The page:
In a recent survey, 96% of respondents admitted that they have experienced workplace bullying.
And those bullies have staying power: 89% have been engaging in bad behavior for more than a year. Fifty-four percent hit the five-year mark, while some respondents said bullies have been in the same jobs for more than 30 years. The survey was conducted by Joseph Grenny and David Maxfield, co-authors of the bestsellers Crucial Conversations and Influencer.
While anti-bullying campaigns have been so prevalent in the media, schools, and even workplaces in recent years, they haven’t really changed behavior, Maxfield says. They also haven’t changed people’s responses to behavior that ranges from being inappropriately rude or aggressive in speech to being physically threatening or abusive. Employees often don’t want to get involved or risk retaliation, since bullies are often in a position of power, he adds.
“People are aware, but the main strategy many use to handle bullies is silence and avoidance. But silence is not golden. Silence is permission,” he says.
The numbers in the survey were disturbing. Two-thirds said they deal with bullies by avoiding them, while one in five don’t know their organization’s process for reporting bullying. Only 6% said their company’s anti-bullying policies stopped bullying. In addition:
- 62% saw sabotaging of others work or reputations
- 52% saw browbeating, threats, or intimidation
- 4% saw physical intimidation or assault
There are effective ways to deal with bullies and speaking up about actual instances of bullying is how awareness actually gets raised, Maxfield says. If your co-workers or you are the victims of abusive behavior, take the following steps.
Document it. Write down the dates and times of the instances, along with any witnesses. Be as specific and detailed as possible and keep a copy of the log at home or somewhere safe.
Maxfield advises including and precipitating events or behavior you noticed before the event that you’re documenting. This may help you spot patterns. For example, if the bully is always abusive in meetings after lunch or at which certain participants attend, you may gain insight into patterns.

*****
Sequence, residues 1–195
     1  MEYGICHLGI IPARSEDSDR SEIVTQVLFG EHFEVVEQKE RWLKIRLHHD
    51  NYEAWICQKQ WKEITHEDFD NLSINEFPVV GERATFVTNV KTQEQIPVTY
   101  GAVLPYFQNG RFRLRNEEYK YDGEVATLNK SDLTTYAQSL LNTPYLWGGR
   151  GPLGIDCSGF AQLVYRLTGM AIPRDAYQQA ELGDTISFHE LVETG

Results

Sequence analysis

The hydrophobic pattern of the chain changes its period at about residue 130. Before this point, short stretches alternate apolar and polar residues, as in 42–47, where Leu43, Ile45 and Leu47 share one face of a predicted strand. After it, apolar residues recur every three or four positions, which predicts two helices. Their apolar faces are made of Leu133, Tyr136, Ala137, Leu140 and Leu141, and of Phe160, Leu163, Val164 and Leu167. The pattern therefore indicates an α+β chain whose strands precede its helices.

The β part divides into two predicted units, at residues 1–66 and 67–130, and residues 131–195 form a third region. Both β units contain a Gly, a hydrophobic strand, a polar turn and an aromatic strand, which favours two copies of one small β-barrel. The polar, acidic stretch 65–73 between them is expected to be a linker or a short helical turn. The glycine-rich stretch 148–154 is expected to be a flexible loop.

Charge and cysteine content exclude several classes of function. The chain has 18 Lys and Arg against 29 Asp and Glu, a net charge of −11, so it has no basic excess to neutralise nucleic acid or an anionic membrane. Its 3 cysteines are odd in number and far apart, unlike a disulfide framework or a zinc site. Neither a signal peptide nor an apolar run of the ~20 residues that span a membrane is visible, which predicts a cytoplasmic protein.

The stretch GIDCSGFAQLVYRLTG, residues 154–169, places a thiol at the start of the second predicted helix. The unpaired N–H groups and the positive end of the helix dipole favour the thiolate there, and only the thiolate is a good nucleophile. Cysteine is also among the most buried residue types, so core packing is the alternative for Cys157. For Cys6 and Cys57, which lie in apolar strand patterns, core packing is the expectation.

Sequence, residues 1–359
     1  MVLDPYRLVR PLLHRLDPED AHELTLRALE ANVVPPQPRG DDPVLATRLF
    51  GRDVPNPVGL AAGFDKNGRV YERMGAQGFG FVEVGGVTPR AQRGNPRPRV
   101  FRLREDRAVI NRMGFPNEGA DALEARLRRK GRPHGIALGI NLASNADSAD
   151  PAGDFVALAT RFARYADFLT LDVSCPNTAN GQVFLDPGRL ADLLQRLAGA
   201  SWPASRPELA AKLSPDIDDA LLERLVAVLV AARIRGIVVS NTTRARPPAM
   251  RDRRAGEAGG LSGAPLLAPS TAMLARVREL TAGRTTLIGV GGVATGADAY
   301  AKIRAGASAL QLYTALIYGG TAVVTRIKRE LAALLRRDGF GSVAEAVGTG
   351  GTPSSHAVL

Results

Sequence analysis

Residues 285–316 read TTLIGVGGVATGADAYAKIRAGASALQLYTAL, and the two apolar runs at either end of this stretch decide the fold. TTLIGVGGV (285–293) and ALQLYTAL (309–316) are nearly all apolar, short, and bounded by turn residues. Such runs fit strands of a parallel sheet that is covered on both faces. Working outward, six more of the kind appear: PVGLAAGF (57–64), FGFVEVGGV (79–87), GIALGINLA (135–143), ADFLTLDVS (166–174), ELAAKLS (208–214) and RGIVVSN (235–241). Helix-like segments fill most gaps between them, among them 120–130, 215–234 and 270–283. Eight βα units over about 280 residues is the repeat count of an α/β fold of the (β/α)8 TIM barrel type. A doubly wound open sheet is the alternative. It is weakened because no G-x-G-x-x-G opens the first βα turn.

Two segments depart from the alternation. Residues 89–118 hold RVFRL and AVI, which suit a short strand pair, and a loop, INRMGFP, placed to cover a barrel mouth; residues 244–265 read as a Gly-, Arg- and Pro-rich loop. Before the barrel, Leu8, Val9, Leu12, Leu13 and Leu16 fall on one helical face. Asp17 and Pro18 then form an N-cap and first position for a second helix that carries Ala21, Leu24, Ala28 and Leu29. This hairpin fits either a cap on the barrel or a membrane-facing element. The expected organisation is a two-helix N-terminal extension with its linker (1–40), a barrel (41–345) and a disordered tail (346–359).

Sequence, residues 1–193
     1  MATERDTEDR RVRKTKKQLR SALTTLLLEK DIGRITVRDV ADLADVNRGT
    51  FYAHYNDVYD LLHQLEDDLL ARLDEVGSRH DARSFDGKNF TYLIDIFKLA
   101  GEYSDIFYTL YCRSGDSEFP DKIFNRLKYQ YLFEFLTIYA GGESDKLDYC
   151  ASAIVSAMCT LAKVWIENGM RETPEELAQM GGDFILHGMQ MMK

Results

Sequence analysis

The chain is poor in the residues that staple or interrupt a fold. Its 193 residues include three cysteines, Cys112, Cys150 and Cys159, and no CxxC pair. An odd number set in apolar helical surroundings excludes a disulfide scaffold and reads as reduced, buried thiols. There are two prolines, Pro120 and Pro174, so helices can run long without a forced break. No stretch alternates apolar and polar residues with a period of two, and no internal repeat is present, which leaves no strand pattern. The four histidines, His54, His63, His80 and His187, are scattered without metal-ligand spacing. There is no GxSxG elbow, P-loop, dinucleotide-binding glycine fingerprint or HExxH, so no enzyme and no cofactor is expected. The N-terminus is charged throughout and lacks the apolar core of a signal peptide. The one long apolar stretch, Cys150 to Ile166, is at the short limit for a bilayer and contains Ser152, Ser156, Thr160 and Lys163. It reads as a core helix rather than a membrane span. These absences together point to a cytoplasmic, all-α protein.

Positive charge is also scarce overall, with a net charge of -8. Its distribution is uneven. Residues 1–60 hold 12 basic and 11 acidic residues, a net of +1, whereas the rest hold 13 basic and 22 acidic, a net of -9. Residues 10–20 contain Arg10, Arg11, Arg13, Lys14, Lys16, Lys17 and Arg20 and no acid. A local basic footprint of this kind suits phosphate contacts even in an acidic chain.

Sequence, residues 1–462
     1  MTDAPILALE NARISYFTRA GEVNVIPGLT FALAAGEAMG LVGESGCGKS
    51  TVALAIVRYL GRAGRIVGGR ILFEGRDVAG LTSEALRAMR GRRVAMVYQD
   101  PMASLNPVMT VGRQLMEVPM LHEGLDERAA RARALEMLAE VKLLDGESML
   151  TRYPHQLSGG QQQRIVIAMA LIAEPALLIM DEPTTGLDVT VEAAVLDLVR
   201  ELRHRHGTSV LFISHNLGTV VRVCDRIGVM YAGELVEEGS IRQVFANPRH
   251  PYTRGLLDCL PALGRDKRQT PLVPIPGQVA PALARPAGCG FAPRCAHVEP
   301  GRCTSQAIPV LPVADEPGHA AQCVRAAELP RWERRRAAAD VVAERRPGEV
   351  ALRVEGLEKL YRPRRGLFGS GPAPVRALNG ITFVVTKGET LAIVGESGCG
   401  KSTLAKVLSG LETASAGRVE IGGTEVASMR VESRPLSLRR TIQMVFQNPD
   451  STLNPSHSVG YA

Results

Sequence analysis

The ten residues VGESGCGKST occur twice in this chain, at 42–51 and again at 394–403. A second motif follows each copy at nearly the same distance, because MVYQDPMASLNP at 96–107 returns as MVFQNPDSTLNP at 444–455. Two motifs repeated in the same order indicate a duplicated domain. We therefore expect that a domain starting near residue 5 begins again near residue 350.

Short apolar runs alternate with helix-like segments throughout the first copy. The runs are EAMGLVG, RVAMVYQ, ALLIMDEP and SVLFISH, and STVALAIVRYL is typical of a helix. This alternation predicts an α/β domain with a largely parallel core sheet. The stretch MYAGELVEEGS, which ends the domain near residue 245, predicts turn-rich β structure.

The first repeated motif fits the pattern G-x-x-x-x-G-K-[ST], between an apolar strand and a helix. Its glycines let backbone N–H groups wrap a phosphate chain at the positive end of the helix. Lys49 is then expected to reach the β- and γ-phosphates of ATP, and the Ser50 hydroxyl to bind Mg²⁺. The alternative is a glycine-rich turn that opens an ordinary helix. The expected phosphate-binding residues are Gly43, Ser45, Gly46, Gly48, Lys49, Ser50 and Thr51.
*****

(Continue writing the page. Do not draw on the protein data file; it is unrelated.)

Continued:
Check workplace policies. Your workplace should have a bullying and harassment policy that details unacceptable behavior and the reporting procedure. Follow the procedure–unless, of course, that requires you to report the behavior to the bully. In that case, look for a confidante in HR or another manager who can act as your ally.
Address it. Depending on the situation and, if you don’t feel doing so will put you at risk, speak to the bully about his or her behavior.
Maxfield says it’s important to make the bully feel safe and not humiliated, which will make the situation worse. Speaking privately will also avoid him or her “playing to an audience and acting out,” he adds.
Stick to the facts. State the situation and your issue with it, without editorializing–and discuss how the two of you can communicate more effectively. He admits that, for serial bullies who engage in this behavior regularly, that may not be effective. In situations where you see someone else in harm’s way, such as being subjected to physical assault, it may be time to involve the authorities.
Bullies may feel as though their behavior is justified or that they have been wronged in some way. Maxfield says it’s important to hear out the individual and see if there are problems in process, communication, or other areas that need to be fixed.
Avoidance doesn’t solve the problem, it exacerbates it, Maxfield says. While the prospect of reporting or confronting a bully isn’t pleasant, the reason so many can continue their behavior is that so few call them on it. Instead of thinking about the fallout of taking action, think about what might happen if you don’t.
“Turn your thinking around. What are the risks and costs if I don’t speak up? Bullies feel they’re being supported when people stay silent,” he says.